The New Metrics of Sustainable Business Conference Measures Up

How would you recognize a truly sustainable business if you saw one?

That was one of the more ambitious questions at the New Metrics of Sustainable Business Conference, hosted by Sustainable Brands in Philadelphia. Luckily, each of some 30 sessions during the conference Tuesday and Wednesday offered pieces of the complex answer.

One tactic of the sustainability movement is to persuade, cajole or force businesses to recognize the value of measuring sustainability by showing how it impacts their bottom line. One of the chinks in the armor is corporate risk management.

With more than 2.6 million credit ratings in play at one time, these ratings have an enormous effect on shifts in market value. As long- and short-term environmental risk management grows in importance in credit ratings, the conversation will necessarily change.

Before that happens wholesale, there are still many new metrics arguments to be made that help CEOs, CFOs and CMOs see intrinsic and extrinsic value in more sustainable business practices. The refreshing aspect of the conference sessions was that hard facts and data were behind every attempt to quantify sustainability gains — and quantify the value of measuring them — in business activities. The frustrating aspect was that many of the proven, reliable measures and initiatives in place today are still slow to transition to the mainstream.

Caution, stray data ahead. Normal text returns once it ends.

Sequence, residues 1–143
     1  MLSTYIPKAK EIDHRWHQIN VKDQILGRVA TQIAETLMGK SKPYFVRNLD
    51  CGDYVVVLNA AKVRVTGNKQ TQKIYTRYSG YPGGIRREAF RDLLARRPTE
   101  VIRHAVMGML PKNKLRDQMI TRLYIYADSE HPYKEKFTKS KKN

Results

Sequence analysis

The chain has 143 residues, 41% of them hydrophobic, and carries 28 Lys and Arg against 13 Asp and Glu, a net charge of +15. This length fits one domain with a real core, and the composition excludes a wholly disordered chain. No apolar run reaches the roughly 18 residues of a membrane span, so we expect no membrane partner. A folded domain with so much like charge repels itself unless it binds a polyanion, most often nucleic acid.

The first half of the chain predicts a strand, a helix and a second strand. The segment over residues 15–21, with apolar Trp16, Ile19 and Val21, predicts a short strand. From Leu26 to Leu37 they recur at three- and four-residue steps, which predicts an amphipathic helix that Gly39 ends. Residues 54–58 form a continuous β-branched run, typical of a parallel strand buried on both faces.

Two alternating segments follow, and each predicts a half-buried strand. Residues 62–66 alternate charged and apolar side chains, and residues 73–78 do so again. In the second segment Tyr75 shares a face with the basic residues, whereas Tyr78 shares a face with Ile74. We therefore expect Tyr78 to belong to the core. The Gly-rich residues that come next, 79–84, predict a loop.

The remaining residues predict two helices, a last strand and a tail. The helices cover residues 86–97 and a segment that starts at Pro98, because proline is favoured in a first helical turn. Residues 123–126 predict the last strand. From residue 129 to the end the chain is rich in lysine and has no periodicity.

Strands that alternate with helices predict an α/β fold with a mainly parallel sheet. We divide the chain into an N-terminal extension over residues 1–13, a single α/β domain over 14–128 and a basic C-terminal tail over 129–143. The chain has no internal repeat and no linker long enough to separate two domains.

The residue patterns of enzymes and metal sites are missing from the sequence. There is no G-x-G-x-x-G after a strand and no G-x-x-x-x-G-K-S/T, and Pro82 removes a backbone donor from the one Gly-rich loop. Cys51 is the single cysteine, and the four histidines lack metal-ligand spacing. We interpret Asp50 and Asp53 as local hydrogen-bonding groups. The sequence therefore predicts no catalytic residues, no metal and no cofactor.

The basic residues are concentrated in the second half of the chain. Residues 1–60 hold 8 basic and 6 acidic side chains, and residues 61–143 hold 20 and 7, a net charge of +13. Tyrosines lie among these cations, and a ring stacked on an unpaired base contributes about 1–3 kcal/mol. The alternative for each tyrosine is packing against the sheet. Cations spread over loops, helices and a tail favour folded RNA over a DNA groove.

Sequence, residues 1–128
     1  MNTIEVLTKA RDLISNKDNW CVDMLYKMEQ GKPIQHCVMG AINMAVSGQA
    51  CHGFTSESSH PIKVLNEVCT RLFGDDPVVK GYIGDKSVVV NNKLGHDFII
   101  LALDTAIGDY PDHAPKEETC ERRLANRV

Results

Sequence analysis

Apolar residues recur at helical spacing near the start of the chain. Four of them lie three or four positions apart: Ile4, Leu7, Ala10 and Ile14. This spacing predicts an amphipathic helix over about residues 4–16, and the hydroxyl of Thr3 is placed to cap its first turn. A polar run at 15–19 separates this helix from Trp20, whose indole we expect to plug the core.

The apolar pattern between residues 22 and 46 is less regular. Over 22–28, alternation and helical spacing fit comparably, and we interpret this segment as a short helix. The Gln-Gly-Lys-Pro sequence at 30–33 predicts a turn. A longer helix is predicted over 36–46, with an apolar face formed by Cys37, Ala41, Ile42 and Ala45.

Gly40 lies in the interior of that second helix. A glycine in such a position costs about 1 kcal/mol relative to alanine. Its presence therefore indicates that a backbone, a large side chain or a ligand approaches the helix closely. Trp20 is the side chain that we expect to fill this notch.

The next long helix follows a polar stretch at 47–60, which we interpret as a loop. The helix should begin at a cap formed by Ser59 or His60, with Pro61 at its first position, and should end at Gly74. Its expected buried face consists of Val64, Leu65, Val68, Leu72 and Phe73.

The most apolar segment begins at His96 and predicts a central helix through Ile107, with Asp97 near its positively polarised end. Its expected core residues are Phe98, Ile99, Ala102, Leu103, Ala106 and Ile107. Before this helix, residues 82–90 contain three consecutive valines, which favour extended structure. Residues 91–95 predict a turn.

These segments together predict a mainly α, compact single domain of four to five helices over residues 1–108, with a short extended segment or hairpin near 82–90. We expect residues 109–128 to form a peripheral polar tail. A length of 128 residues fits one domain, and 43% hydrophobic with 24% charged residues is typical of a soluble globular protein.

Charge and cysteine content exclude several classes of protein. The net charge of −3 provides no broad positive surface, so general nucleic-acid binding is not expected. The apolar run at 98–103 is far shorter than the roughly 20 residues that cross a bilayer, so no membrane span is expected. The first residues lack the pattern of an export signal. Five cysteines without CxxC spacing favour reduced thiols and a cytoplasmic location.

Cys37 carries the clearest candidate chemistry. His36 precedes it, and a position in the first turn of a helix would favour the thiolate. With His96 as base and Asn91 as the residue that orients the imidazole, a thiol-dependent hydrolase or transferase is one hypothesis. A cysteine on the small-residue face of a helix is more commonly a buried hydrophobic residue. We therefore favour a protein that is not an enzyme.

The University of Pennsylvania in Philadelphia was a fitting venue for the third year of this Sustainable Brands forum, given the school’s motto, “Laws without morals are in vain,” and the fact that the school is my alma mater. Jeffrey Smith, partner at Crowell & Moring law firm and Advisory Council member of SASB (Sustainability Accounting Standards Board), added another layer by quoting Penn’s founder, Benjamin Franklin: “The great part of the miseries of mankind are brought upon them by false estimates they have made of the value of things.”

Read the rest of my article on here.

Check out the conference presentations here.

Also, think about reading this book: How to Measure Anything, subtitled “Finding the Value of Intangibles in Business.”

Finally, a favorite quote of mine from Galileo…

“Measure what is measurable, make measurable what is not so.”